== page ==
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#4 User is offline   MINI 

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Posted 04 April 2019 - 11:26 AM

View PostKarma, on 03 April 2019 - 03:46 PM, said:

Hi - I've been off work since mid December. Happy with the process so far. Seen GP, went for ultrasound, saw specialist, went for MRI, Specialist has recommended me for surgery, waiting for ACC to approve. I've been getting the standard 80% with no issues. A little annoying as a few months before I was injured I had received a fairly substantial pay increase as a sort of loyalty bonus for sticking with my boss through a bad time the (small) business was experiencing. We were at the stage were we were getting ahead rather than treading water. Through very tight budgeting, we've been able to make things work with the 80%. Now, I have no complaint about this; it's the way the system works.

My question is this: being the end of the financial year, my employer has paid out all my remaining holiday pay. After tax, this came to about $2800. Is this something I have to declare to ACC, and if I do, are they going to cut my weekly payments until that has been used up? This is a huge boost to us at this time, making sure we are able to cover future bills. We are not extravagant people, have nothing on finance, we are renting and it has always been our habit to save a little bit weekly for all our expenses - so much for rent, so much for power, so much for car service, so much for insurance etc so we can pay bills when they arrive. This will go straight into our savings. I'm just terrified that if we don't declare it we will face penalties, but if we do we will lose it all. Is anyone out there able to advise please?


Karma

Holiday pay is usually included in you pay to cover the weeks you have been paid for. I had a fight with ACC about this, that the holiday pay should have them been included as part of you/my income to gain a 'true' 80% for ongoing w/c.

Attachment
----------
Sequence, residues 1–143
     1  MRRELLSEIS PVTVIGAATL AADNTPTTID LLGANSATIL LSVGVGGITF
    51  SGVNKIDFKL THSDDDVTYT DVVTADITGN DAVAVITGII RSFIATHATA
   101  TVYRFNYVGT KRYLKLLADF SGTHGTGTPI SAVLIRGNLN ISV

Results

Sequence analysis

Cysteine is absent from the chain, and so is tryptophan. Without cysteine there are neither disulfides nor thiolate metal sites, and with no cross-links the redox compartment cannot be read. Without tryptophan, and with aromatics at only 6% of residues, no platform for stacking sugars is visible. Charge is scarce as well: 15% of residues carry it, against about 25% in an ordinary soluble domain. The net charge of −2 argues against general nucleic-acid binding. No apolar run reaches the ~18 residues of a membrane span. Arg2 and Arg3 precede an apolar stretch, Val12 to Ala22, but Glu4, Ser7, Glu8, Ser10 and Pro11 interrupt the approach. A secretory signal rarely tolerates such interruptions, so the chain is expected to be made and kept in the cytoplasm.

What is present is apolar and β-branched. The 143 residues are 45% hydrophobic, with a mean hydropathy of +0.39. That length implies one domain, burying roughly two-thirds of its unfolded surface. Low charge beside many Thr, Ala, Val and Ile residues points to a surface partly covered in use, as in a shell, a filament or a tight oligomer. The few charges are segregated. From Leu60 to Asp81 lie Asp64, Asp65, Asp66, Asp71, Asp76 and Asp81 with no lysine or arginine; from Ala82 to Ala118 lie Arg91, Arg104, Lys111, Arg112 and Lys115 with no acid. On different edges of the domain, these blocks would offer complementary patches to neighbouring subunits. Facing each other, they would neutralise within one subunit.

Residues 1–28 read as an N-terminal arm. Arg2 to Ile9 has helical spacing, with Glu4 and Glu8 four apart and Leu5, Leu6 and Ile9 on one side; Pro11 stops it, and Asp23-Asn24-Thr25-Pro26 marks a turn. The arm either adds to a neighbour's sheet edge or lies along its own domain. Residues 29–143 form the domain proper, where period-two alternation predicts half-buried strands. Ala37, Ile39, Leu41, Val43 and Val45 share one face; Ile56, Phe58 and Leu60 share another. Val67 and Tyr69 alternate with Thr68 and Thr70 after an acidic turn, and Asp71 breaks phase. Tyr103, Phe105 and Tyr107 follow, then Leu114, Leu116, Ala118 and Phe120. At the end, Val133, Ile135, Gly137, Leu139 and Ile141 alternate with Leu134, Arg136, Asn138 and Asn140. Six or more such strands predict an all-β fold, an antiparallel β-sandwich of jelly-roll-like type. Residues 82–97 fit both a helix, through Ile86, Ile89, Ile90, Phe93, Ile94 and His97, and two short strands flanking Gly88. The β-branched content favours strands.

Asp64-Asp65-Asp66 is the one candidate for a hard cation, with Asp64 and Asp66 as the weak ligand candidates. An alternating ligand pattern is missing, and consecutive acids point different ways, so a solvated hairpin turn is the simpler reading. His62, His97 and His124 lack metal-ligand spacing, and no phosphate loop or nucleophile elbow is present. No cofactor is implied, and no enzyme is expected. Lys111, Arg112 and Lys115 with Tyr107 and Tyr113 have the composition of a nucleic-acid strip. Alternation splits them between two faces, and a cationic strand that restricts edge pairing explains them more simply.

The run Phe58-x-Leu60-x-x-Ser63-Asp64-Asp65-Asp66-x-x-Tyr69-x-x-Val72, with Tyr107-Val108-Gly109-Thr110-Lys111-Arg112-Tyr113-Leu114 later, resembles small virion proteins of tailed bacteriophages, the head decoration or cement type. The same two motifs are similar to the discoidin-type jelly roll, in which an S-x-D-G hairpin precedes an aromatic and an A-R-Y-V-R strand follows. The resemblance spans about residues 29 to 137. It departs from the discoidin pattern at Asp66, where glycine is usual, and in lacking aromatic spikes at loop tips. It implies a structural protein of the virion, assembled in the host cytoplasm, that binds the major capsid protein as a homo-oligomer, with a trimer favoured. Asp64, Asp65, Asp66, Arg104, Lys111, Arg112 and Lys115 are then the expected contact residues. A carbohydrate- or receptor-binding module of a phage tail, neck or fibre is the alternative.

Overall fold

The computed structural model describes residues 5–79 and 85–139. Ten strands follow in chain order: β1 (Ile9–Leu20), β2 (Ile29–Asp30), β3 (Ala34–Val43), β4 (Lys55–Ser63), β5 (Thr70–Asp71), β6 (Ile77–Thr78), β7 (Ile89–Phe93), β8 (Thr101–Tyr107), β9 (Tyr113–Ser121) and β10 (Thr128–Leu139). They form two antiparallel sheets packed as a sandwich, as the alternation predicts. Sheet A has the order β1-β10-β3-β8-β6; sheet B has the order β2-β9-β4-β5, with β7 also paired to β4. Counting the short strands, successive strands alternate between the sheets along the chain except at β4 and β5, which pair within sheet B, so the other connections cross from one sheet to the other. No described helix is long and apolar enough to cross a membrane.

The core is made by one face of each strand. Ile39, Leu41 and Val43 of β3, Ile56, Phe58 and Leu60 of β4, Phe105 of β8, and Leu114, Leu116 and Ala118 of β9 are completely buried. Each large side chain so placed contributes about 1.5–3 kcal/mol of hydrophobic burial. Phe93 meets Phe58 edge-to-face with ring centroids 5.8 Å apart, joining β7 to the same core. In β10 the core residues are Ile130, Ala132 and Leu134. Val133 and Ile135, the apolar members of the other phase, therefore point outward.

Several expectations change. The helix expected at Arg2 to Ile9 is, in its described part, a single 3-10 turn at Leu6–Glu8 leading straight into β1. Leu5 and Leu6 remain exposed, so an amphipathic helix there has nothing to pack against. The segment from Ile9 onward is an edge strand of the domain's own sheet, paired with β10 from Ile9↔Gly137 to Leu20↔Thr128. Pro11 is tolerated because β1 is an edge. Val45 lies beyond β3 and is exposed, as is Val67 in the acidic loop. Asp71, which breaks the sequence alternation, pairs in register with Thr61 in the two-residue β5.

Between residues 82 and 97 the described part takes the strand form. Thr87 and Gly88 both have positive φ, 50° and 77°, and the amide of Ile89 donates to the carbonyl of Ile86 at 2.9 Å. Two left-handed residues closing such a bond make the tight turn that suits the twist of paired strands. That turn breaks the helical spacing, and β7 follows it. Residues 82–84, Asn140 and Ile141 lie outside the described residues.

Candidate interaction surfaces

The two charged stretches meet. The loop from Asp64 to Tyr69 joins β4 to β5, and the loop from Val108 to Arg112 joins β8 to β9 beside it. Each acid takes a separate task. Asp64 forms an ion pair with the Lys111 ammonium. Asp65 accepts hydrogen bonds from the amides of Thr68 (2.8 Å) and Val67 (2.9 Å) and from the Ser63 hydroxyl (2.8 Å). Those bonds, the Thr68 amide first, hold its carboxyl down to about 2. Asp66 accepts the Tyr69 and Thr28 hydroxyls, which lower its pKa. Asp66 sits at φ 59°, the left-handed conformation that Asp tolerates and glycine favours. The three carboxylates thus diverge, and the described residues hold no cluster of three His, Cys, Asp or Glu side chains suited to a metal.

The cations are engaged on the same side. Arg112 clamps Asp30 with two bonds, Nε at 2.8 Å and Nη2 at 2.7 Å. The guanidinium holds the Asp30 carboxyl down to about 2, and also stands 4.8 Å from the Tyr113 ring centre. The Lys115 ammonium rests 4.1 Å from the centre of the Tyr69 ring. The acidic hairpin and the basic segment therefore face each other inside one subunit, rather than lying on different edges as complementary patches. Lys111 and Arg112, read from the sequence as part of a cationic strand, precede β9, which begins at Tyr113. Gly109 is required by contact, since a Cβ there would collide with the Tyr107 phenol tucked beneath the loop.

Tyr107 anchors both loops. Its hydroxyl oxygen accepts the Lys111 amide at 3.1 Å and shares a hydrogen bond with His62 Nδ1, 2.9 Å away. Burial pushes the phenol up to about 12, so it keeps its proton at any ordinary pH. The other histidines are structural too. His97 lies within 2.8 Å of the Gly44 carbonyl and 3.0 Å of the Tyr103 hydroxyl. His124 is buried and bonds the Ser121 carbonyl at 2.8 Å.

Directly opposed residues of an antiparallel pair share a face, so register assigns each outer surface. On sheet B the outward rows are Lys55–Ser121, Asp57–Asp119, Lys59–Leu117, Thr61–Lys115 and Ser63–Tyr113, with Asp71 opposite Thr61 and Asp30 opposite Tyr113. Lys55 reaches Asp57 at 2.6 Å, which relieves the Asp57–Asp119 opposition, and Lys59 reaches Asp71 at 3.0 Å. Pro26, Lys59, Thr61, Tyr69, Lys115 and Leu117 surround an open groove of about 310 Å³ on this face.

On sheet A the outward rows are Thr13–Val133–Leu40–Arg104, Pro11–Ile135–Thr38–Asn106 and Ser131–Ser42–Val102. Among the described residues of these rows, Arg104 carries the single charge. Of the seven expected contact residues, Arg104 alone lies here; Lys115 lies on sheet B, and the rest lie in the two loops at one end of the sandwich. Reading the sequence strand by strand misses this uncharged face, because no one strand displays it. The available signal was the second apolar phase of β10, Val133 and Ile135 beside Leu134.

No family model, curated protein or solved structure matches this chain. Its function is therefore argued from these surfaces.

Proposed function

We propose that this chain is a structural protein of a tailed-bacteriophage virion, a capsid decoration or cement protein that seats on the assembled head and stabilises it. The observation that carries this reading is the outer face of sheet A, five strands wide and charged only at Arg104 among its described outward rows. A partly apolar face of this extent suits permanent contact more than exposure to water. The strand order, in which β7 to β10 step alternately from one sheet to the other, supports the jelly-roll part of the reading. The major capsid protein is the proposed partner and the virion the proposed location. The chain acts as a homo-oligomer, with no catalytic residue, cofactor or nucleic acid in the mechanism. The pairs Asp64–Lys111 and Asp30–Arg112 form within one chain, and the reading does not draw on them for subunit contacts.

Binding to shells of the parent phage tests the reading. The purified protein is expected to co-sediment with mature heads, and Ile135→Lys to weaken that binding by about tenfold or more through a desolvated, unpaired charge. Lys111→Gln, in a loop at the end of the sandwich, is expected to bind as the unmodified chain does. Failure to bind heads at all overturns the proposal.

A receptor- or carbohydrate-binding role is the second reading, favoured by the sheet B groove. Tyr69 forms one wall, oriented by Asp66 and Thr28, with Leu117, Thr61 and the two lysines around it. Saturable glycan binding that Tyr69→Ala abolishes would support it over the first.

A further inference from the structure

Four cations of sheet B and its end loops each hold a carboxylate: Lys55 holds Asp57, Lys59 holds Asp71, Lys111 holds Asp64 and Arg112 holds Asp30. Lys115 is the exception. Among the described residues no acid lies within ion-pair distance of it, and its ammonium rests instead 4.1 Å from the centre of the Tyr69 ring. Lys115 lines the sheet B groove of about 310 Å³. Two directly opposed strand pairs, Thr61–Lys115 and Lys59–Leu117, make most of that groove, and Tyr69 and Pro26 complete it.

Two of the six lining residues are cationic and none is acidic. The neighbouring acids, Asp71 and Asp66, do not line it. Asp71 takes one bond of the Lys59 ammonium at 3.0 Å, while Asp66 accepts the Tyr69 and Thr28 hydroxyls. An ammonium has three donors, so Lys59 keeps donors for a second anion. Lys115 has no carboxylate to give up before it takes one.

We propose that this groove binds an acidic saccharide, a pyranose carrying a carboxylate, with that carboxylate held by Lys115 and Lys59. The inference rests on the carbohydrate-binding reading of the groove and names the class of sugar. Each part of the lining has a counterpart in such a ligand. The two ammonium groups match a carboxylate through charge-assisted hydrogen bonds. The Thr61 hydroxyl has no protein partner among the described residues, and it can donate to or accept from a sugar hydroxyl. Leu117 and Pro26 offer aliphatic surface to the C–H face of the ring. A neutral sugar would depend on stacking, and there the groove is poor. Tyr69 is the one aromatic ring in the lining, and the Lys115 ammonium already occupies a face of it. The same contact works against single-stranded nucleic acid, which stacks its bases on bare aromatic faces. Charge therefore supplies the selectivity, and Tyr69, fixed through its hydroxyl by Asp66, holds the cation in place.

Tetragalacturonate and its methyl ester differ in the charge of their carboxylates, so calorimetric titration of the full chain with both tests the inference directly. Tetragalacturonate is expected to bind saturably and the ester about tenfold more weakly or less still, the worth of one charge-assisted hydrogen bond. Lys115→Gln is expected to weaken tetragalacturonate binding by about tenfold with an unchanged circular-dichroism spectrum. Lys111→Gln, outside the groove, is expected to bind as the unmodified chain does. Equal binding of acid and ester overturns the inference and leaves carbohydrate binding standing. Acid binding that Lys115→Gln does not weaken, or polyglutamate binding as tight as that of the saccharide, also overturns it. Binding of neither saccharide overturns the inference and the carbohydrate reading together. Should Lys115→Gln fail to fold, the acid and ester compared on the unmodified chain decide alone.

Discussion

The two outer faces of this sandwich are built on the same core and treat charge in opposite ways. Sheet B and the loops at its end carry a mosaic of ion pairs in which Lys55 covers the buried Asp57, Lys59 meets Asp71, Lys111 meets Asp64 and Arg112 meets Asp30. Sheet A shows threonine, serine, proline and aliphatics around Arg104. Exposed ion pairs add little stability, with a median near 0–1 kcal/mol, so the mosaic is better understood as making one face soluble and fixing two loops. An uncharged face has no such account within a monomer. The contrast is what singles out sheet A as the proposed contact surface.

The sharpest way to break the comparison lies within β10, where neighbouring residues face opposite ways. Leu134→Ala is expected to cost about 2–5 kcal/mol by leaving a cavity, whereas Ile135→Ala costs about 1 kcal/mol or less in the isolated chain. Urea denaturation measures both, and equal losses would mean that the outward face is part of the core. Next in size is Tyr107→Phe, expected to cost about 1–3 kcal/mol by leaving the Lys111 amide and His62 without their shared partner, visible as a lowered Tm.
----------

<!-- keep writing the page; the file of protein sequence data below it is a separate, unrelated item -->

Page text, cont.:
Alas not many understand paye and the way it is taxed differently to normal income and so we can get ripped off.

I am not saying this is what happens now as I haven't done PAYE work for a long time. But this will give you something to think on.

Your holiday pay will be used as weeks still employed, which would make your start date for incapacity later, when it comes to entitlements, especially weekly compensation.

Check this out these days by using the Act to do so.

Good luck.

Mini
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#5 User is offline   Karma 

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Posted 05 April 2019 - 06:30 AM

An update - I rang my case manager who confirmed that being paid out holiday pay while on weekly compensation is counted as income. She said that if my employer could take it back, it wouldn't affect my payments. So I contacted my employer who was happy for me to transfer the payment back. I don't have this in writing, but do have time and date of call. Hopefully this will all be good.
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#6 User is offline   Alan Thomas 

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Posted 05 April 2019 - 10:18 AM

View PostKarma, on 05 April 2019 - 06:30 AM, said:

An update - I rang my case manager who confirmed that being paid out holiday pay while on weekly compensation is counted as income. She said that if my employer could take it back, it wouldn't affect my payments. So I contacted my employer who was happy for me to transfer the payment back. I don't have this in writing, but do have time and date of call. Hopefully this will all be good.